Large-scale long-term follow-up study of Japanese patients with non-alcoholic Fatty liver disease for the onset of hepatocellular carcinoma.Am J Gastroenterol. 2012 Feb; 107(2):253-61.AJ
The aim of this study was to determine the incidence and risk factors of hepatocellular carcinoma (HCC), and to elucidate the utility of two non-invasive predictive procedures for liver fibrosis: the aspartate aminotransferase (AST) to platelet ratio index (APRI) and the BARD score (which includes the following three variables: body mass index, AST/alanine aminotransferase ratio, and diabetes) in the prediction of HCC in a large population of Japanese patients with non-alcoholic fatty liver disease (NAFLD).
This was a retrospective cohort study conducted at a public hospital. Study subjects included 6,508 patients with NAFLD diagnosed by ultrasonography. The median follow-up period was 5.6 years. The primary end point was the onset of HCC. Evaluation was performed using Kaplan-Meier methodology and Cox's proportional hazards analysis.
In all, 16 (0.25%) new cases with HCC were diagnosed during the study. The cumulative rates of NAFLD-related HCC were 0.02% at year 4, 0.19% at year 8, and 0.51% at year 12. The annual rate of new HCC was 0.043%. Multivariate analysis identified serum AST level ≥40 IU/L (hazard ratio (HR): 8.20; 95% confidence interval (95% CI): 2.56-26.26; P<0.001), platelet count <150 × 10(3)/μl (HR: 7.19; 95% CI: 2.26-23.26; P=0.001), age ≥60 years (HR: 4.27; 95% CI: 1.30-14.01; P=0.017), and diabetes (HR: 3.21; 95% CI: 1.09-9.50; P=0.035) as independent risk factors for HCC. With regard to the APRI, 184 patients (2.83%) were considered to have significant fibrosis (equivalent to non-alcoholic steatohepatitis (NASH) stage 3-4). The cumulative rate of HCC was significantly higher in this group (HR: 25.03; 95% CI: 9.02-69.52; P<0.001). In contrast, regarding the BARD score, 3,841 (59%) patients were considered to have advanced fibrosis (NASH stage 3-4). However, no significant associations between the BARD score and the incidence of HCC were observed (HR: 1.16; 95% CI: 0.40-3.37; P=0.780).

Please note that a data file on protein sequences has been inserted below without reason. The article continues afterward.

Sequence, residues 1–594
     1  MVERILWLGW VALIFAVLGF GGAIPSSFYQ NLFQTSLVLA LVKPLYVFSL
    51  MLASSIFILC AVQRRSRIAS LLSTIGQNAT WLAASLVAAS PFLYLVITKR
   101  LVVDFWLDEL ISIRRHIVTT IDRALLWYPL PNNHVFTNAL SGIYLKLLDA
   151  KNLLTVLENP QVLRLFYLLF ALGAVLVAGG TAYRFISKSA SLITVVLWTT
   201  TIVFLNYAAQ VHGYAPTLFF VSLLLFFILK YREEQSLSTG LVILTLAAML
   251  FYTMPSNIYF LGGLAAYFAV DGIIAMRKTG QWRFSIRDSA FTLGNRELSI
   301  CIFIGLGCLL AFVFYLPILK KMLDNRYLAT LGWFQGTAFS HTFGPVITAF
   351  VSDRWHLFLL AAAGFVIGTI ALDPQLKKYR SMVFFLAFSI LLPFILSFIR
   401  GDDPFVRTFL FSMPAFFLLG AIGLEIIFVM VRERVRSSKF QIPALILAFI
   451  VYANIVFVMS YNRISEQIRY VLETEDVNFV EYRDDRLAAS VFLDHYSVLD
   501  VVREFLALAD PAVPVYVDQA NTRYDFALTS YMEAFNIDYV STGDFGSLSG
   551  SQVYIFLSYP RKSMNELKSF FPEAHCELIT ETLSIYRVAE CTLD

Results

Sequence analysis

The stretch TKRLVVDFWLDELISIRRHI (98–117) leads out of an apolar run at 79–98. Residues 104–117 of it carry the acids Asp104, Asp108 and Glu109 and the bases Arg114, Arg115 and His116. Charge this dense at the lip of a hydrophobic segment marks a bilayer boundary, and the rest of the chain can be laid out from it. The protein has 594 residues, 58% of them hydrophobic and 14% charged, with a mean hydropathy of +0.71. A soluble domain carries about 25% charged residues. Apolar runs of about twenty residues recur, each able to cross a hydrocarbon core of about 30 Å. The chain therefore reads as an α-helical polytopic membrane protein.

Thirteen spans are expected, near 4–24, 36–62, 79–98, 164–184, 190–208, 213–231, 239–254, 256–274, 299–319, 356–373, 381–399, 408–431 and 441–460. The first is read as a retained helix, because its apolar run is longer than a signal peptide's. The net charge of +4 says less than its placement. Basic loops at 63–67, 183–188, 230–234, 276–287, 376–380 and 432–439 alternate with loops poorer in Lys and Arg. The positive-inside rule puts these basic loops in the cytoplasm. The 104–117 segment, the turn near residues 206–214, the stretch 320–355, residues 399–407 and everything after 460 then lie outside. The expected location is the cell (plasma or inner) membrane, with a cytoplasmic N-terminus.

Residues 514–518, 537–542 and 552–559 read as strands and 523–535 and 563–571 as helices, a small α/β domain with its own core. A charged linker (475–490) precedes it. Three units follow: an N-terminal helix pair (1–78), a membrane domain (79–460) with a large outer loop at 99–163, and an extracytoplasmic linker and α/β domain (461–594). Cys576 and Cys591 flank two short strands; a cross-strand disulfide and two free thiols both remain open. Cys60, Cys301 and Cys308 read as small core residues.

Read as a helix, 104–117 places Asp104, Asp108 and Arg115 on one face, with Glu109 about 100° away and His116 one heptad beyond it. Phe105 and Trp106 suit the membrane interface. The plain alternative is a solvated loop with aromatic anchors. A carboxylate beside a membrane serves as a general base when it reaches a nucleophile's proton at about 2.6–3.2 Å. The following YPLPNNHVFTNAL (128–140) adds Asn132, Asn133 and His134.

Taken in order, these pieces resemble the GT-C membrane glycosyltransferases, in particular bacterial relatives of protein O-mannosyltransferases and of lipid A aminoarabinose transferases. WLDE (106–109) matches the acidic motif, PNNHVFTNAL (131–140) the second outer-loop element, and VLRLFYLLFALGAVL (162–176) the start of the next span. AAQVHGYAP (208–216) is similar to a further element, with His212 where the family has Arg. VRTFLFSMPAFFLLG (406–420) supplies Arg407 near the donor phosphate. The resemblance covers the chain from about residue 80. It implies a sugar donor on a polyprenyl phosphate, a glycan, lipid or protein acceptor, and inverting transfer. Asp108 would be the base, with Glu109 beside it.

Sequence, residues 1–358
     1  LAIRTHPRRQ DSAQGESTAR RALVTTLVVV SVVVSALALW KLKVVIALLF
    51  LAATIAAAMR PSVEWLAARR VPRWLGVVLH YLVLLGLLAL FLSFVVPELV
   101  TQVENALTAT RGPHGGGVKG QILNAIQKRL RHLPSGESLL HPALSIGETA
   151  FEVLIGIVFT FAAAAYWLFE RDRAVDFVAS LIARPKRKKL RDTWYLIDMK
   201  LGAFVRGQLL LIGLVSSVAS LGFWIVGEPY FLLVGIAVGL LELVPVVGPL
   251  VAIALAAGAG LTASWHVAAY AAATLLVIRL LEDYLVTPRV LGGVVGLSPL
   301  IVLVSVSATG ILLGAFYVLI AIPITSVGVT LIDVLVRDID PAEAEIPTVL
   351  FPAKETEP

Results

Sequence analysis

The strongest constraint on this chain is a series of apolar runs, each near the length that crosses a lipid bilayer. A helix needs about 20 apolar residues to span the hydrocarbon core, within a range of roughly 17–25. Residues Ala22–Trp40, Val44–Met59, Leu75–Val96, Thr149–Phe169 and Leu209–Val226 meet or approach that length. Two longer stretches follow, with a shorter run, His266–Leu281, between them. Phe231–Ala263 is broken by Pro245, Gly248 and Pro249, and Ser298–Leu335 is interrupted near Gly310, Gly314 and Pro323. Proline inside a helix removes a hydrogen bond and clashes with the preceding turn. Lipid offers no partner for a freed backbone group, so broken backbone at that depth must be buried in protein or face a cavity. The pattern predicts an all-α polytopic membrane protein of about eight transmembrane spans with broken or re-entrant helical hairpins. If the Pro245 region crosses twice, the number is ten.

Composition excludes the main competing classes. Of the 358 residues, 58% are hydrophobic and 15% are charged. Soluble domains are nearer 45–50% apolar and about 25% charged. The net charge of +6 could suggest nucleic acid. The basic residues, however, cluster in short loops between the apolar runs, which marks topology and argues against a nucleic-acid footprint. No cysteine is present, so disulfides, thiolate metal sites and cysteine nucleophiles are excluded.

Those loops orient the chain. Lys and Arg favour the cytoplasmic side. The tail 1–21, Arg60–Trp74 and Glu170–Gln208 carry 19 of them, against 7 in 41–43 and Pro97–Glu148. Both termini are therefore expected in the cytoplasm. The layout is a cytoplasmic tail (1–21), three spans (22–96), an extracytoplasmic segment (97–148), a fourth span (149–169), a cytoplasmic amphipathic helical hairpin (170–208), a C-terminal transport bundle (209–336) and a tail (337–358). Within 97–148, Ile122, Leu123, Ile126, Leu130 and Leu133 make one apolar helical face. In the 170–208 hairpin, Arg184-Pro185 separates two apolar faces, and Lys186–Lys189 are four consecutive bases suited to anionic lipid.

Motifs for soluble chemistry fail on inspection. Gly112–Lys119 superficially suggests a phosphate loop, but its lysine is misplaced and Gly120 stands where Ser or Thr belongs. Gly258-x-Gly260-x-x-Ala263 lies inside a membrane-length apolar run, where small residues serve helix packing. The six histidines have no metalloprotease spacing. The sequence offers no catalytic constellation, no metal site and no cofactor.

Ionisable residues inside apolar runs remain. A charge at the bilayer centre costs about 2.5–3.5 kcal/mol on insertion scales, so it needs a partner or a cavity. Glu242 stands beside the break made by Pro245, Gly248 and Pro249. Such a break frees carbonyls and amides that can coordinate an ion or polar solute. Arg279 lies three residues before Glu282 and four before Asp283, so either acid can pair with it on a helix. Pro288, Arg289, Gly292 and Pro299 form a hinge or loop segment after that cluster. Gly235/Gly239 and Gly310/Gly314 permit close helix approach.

This retrospective study indicates that the annual incidence rate of HCC among Japanese NAFLD patients is low. Elderly NAFLD patients with diabetes, elevated serum AST, and especially thrombocytopenia (suggested to be associated with advanced liver fibrosis) should be monitored carefully during follow-up that includes using the APRI to ensure early diagnosis and treatment of HCC.